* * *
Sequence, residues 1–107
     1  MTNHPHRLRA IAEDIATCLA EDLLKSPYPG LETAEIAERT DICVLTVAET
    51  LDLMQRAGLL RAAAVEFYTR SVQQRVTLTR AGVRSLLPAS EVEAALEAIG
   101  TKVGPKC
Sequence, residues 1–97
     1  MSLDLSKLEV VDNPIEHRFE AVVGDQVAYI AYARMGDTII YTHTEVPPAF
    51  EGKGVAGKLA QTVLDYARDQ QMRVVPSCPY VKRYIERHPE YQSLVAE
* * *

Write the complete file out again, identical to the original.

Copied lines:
Sequence, residues 1–107
     1  MTNHPHRLRA IAEDIATCLA EDLLKSPYPG LETAEIAERT DICVLTVAET
    51  LDLMQRAGLL RAAAVEFYTR SVQQRVTLTR AGVRSLLPAS EVEAALEAIG
   101  TKVGPKC
Sequence, residues 1–97
     1  MSLDLSKLEV VDNPIEHRFE AVVGDQVAYI AYARMGDTII YTHTEVPPAF
    51  EGKGVAGKLA QTVLDYARDQ QMRVVPSCPY VKRYIERHPE YQSLVAE